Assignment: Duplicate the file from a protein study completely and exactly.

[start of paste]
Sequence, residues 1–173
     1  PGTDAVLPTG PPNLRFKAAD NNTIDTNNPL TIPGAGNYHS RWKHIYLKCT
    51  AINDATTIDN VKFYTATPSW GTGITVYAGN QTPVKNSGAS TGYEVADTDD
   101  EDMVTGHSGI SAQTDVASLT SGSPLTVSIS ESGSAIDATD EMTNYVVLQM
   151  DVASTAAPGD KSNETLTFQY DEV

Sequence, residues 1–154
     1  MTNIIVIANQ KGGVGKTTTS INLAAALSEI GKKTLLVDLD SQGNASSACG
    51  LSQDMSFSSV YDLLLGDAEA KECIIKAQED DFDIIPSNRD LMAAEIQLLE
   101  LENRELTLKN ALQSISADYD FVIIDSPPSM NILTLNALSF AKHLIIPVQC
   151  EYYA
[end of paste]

Sequence, residues 1–173
     1  PGTDAVLPTG PPNLRFKAAD NNTIDTNNPL TIPGAGNYHS RWKHIYLKCT
    51  AINDATTIDN VKFYTATPSW GTGITVYAGN QTPVKNSGAS TGYEVADTDD
   101  EDMVTGHSGI SAQTDVASLT SGSPLTVSIS ESGSAIDATD EMTNYVVLQM
   151  DVASTAAPGD KSNETLTFQY DEV

Sequence, residues 1–154
     1  MTNIIVIANQ KGGVGKTTTS INLAAALSEI GKKTLLVDLD SQGNASSACG
    51  LSQDMSFSSV YDLLLGDAEA KECIIKAQED DFDIIPSNRD LMAAEIQLLE
   101  LENRELTLKN ALQSISADYD FVIIDSPPSM NILTLNALSF AKHLIIPVQC
   151  EYYA